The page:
Potentially impacting future diagnosis and treatment of lupus, an immune illness affecting more than 5 million people worldwide, researchers at the Virginia-Maryland Regional College of Veterinary Medicine at Virginia Tech have likely uncovered where the breakdown in the body’s lymphocyte molecular regulatory machinery is occurring.
Rujuan Dai, research scientist, and her colleagues in the veterinary college’s Department of Biomedical Sciences and Pathobiology, have discovered a “common set of dysregulated miRNAs in murine lupus models.” The research, published in the Dec. 13, 2010, issue of the scientific journal PLoS One, was funded in part by the Lupus Foundation of America.
Lupus is a chronic autoimmune disease of connective tissue that causes the body’s immune system to become hyperactive and attack normal, healthy tissue. This results in symptoms such as inflammation, swelling, and possible damage to joints, skin, kidneys, blood, the heart, or lungs.
In an effort to better understand epigenetic factors in the causes of lupus, researchers at the veterinary college focused on microRNA (miRNA), seeking to determine potential impairments of genetic regulation. These small RNAs control gene expression by directly regulating specific target messenger RNAs via inhibition of their translation or inducing their degradation.
“micro RNAs perform these duties in an orderly fashion,” said Dr. S. Ansar Ahmed, professor of immunology and head of the Department of Biomedical Sciences and Pathobiology at the college. “White blood cells use miRNA to regulate antibodies and other proteins in response to infection or any kind of assault.”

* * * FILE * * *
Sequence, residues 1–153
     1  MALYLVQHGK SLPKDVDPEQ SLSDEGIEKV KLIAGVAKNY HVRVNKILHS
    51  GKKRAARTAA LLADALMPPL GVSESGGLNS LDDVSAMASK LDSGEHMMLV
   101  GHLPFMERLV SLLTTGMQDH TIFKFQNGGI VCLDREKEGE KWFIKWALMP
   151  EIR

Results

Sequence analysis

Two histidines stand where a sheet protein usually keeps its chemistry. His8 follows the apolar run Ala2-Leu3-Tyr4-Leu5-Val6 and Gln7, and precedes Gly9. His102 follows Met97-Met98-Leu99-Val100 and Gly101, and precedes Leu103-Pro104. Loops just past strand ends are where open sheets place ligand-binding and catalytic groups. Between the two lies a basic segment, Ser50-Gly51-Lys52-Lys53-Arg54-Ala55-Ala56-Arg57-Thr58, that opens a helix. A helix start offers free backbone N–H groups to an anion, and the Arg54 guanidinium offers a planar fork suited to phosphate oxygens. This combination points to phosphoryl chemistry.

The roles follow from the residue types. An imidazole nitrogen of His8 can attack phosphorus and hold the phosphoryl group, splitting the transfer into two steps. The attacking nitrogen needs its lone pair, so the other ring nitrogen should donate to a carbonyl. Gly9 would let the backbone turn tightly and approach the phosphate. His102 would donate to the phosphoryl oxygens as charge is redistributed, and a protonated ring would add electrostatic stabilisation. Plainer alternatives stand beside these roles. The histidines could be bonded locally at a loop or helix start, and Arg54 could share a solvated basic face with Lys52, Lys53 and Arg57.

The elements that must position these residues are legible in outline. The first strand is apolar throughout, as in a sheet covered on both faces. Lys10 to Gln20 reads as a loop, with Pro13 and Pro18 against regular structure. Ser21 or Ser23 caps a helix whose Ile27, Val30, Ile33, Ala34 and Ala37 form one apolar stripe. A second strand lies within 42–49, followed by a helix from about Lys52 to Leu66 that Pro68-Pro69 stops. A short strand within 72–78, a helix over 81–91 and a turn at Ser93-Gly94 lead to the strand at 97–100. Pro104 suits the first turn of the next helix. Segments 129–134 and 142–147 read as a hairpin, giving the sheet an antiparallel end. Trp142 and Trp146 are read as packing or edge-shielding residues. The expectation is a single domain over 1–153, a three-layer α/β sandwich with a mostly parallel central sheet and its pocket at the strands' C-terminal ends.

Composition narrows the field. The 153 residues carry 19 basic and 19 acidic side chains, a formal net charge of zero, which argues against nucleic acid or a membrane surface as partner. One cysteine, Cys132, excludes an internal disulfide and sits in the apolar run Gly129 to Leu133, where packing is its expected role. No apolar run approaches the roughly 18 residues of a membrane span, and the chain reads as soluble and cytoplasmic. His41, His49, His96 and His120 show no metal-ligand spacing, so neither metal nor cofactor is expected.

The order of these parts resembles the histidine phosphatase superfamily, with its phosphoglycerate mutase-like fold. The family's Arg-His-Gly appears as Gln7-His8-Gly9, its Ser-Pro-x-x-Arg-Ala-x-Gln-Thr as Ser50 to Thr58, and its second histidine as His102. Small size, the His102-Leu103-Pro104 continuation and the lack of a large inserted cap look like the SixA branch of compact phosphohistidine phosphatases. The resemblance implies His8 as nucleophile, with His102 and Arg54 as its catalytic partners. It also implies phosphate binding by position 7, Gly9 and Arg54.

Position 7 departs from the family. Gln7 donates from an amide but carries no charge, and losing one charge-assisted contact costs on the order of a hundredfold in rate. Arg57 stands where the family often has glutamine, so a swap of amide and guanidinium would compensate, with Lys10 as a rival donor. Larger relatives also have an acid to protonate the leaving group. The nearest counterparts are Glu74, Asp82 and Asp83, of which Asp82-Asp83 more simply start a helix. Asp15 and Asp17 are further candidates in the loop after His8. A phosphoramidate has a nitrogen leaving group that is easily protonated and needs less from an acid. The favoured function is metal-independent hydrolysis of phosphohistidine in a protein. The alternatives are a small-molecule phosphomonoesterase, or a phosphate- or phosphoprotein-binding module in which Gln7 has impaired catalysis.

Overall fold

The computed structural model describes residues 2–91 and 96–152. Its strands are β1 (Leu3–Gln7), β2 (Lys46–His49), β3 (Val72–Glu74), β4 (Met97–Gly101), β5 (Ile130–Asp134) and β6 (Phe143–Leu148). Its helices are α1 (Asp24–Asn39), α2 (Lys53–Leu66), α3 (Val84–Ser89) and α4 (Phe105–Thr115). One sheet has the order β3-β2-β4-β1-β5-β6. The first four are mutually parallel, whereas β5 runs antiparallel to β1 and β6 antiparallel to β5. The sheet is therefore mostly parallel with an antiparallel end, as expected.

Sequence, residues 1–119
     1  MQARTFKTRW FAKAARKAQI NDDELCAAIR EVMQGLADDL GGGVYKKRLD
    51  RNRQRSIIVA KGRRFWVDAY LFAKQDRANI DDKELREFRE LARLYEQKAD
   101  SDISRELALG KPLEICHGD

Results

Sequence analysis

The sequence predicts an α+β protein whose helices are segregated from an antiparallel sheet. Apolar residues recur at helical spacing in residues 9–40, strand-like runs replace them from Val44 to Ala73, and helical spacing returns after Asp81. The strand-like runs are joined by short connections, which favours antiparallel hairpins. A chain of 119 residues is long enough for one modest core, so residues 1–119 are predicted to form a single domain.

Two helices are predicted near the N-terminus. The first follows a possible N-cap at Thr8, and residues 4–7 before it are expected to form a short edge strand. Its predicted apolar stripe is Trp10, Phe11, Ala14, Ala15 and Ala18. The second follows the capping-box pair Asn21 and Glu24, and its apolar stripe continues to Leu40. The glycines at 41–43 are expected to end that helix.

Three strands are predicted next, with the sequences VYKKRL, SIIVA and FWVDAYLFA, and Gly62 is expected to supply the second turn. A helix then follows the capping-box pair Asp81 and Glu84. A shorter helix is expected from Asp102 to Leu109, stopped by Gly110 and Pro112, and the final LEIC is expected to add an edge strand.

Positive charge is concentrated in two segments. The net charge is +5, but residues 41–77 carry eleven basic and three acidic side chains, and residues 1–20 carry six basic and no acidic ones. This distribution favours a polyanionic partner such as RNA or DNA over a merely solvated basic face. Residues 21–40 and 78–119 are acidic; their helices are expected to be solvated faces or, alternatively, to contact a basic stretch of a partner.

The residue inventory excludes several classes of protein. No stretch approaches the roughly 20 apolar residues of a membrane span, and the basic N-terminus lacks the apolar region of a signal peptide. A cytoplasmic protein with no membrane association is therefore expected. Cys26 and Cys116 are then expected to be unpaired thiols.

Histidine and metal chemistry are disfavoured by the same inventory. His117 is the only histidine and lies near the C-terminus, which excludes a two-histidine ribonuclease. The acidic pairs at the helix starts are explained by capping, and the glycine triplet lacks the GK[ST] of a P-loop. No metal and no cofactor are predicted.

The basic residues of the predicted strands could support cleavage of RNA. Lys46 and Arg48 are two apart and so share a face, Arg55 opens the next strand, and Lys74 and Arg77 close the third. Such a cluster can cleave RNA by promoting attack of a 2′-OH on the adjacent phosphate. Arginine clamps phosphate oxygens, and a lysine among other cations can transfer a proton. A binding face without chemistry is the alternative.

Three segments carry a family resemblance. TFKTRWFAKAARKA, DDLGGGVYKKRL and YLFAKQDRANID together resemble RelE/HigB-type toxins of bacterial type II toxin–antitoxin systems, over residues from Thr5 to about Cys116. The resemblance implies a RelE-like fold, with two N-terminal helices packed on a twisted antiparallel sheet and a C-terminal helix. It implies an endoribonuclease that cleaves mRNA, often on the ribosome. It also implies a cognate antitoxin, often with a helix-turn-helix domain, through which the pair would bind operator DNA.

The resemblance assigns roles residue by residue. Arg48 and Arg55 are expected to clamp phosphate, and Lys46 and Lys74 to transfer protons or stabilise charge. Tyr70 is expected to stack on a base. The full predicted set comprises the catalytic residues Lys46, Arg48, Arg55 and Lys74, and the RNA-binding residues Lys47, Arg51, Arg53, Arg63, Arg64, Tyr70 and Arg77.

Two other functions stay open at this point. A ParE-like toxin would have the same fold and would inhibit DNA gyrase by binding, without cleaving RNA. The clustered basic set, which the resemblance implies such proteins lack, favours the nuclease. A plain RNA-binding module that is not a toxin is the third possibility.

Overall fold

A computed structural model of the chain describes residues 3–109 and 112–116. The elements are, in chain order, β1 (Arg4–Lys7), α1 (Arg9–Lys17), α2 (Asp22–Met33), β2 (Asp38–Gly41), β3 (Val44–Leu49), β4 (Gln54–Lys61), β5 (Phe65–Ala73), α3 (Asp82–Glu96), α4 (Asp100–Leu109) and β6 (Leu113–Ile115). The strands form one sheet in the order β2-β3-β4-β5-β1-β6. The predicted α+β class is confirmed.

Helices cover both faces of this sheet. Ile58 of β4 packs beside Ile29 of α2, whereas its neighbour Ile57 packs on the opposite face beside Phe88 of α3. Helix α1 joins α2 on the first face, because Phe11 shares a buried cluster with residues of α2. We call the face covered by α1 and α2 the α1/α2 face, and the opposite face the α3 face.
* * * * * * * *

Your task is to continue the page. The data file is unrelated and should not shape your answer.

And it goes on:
The researchers chose three strains of autoimmune-prone mice that have different background genomes and manifest lupus-like disease at different ages. For example, one mouse strain began developing lupus-like disease around 3 months of age, and another mouse strain developed severe lupus much later, at 9 months of age.
Findings show that all three lupus strains manifest a common dysregulated pattern of miRNAs despite differences in their background genes. Importantly, this expression of miRNAs became evident only at an age when the mice manifest lupus.
The identification of these common miRNAs presents a new way of understanding lupus development. The researchers at the veterinary college believe these studies will potentially open a new approach for diagnosis and treatment of the illness by altering lupus-specific miRNAs in lymphocytes.
“In the short term, we want to use our better understanding of the disease to develop a tool in the form of molecular markers for early, reliable diagnosis,” said Ahmed. The long-term goal, Ahmed added, is to offer entirely new therapeutic approaches, such as manipulation of lupus-related miRNA, to correct pathological conditions.
Having identified signature miRNA changes in lupus disease, the next step for the researchers is to prove they can really switch off the disease.
“If we can do this in a mouse model and then to cure other animals, hopefully it can one day be done in humans. This is long-range research but modern technology is narrowing the time it takes from mouse to human — speeding translation,” said Ahmed.
Ahmed and Dai previously published work in the journal Blood, which led them to look at possible changes in expression of microRNAs in autoimmune lupus. They have also been invited to write a review article for a special issue of Translational Research that is devoted to the topic of microRNAs.